Hundreds of candidates vying for a seat in Japan’s parliament made their final pitches yesterday in an election expected to see the return of the country’s old guard.
Opinion polls showed the Liberal Democratic Party (LDP) is on course for a convincing victory in today’s lower-house election, with the Democratic Party of Japan (DPJ) led by Prime Minister Yoshihiko Noda likely to be ousted.
LDP leader Shinzo Abe is predicted to be elected as prime minister, a job he held without much distinction between 2006 and 2007, in a move that may herald a hardening of Japan’s foreign policy at a time of heightened tensions with China.
As light rain fell over Tokyo, some of the over 1,500 candidates standing in the election stood before train stations to make final pleas to voters, while their staff held banners with the candidates’ names printed in bold typeface.
Noda urged voters not to return to the LDP, which governed Japan almost continuously for more than five decades before his party came to power three years ago.
“The election is about whether we can move forward or turn back the clock,” he said at a train station near central Tokyo, according to the Sankei Shimbun.
Abe, in Wako City, Saitama Prefecture, north of the capital, pledged to reform Japan’s education system, and in particular tackle the issue of bullying.
“We will do everything we can, including passing laws to prevent bullying,” Abe was cited as saying by the Sankei.
The conservative ideologue has pledged in previous campaign speeches to “repair the Japan-US alliance and firmly defend our territorial soil and waters.”
In one of the last gauges of the public mood before the vote, polls published on Friday showed the LDP and its junior coalition party could achieve a possible two-thirds majority in the lower-house ballot.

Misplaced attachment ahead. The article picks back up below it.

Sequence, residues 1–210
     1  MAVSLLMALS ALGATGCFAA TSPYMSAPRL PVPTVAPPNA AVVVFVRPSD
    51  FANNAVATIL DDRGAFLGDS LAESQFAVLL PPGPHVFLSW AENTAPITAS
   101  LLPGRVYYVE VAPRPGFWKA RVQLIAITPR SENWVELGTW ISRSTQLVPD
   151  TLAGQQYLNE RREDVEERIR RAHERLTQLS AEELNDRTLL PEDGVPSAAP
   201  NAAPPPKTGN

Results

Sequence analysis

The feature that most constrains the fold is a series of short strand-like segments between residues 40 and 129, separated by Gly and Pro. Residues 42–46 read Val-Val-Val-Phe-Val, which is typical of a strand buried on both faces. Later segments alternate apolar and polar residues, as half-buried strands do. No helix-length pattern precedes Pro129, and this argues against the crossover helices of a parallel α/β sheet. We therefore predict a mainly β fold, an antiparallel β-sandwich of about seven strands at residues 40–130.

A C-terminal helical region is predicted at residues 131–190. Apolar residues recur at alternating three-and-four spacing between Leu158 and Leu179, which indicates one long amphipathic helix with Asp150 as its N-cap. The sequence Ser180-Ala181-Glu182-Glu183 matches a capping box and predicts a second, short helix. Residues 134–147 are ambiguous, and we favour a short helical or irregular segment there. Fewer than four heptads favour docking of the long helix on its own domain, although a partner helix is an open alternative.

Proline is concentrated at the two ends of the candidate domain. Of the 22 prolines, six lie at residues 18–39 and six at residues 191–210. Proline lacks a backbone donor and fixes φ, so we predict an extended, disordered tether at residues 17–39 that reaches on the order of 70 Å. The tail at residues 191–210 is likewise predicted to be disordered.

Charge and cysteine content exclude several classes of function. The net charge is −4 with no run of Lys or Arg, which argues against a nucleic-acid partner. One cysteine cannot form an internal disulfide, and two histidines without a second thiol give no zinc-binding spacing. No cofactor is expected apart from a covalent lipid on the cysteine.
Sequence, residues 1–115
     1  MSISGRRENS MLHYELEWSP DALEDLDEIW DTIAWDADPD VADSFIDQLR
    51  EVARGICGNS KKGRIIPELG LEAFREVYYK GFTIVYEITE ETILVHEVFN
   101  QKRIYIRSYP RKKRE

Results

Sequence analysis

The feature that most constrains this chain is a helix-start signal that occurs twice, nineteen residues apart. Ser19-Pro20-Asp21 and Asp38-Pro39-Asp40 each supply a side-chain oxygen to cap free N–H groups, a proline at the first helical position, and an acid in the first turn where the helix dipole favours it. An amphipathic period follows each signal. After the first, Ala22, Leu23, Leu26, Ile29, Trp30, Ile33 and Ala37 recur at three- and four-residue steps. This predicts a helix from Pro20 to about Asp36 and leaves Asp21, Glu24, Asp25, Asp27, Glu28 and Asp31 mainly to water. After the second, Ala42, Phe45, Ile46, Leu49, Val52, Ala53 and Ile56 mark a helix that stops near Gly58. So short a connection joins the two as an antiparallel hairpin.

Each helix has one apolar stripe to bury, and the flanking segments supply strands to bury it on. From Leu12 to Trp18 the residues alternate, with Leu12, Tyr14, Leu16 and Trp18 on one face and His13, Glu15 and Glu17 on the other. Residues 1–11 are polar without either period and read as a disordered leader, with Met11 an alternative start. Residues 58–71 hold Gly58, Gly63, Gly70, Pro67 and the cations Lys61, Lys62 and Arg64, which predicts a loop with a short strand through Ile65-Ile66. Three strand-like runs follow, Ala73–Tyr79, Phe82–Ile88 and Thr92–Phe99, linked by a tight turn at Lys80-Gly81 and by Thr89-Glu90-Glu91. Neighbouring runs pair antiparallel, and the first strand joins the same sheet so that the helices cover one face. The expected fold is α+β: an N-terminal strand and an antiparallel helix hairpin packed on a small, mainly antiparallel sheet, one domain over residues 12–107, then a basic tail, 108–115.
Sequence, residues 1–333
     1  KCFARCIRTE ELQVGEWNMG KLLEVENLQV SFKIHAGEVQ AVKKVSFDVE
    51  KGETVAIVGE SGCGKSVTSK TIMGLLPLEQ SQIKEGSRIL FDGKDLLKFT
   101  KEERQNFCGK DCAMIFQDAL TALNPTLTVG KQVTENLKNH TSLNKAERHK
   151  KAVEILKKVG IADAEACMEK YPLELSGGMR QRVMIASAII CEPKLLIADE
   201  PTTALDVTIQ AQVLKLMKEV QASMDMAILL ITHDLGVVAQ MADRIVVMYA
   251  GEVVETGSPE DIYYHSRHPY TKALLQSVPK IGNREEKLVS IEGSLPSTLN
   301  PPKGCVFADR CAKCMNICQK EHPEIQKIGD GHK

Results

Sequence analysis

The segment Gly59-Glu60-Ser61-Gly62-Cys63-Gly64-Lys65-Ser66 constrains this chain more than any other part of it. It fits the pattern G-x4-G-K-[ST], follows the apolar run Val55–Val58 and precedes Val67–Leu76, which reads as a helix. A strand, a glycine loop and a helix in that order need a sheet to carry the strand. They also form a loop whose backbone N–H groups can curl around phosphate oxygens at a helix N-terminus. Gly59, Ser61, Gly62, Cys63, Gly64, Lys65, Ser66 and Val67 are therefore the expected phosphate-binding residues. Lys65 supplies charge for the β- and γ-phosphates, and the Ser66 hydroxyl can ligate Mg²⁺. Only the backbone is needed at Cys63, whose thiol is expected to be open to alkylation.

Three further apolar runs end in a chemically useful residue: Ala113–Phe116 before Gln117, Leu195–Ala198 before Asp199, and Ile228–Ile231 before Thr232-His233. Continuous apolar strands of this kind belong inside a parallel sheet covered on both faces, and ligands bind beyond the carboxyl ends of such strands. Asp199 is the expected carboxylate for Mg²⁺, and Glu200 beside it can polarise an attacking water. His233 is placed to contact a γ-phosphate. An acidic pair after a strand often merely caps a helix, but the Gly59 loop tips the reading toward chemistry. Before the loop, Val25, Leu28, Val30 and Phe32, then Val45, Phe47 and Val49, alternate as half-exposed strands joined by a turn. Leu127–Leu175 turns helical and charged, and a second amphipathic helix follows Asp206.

That would hand Abe a mandate to try to fulfill his campaign pledge of bolstering Japan’s military and coastal defenses, particularly on the Tokyo-controlled Diaoyutai Islands (釣魚台) — known as the Senkakus in Japan — which Taiwan and China also claim.
On Thursday Japan scrambled fighter jets after a Chinese plane entered airspace over the island chain. Tokyo said it was the first time a Chinese state-owned plane had breached its airspace.
North Korea’s rocket launch earlier this week could also boost the right-wing vote in a country that lives uneasily next door to an unpredictable Pyongyang.
Polls indicate that despite a strong current of anti-nuclear feeling since last year’s tsunami sparked reactor meltdowns at the Fukushima Dai-ichi plant, an array of smaller parties promising an atomic exit may struggle to gain traction.
On the economic front Abe has been vocal in calls to tackle the deflation that has beset the economy, vowing to impose a three percent inflation target on the Bank of Japan and forcing it to buy bonds — effectively deficit financing.
He has since back-pedaled after criticism that he was endangering the independence of the central bank. However, his comments helped pull down the high yen, delighting exporters hit hard by the surging currency.
Noda’s DPJ struggled in government to live up to the promise of its barnstorming 2009 election win that cracked the LDP’s half-century virtual stranglehold on power.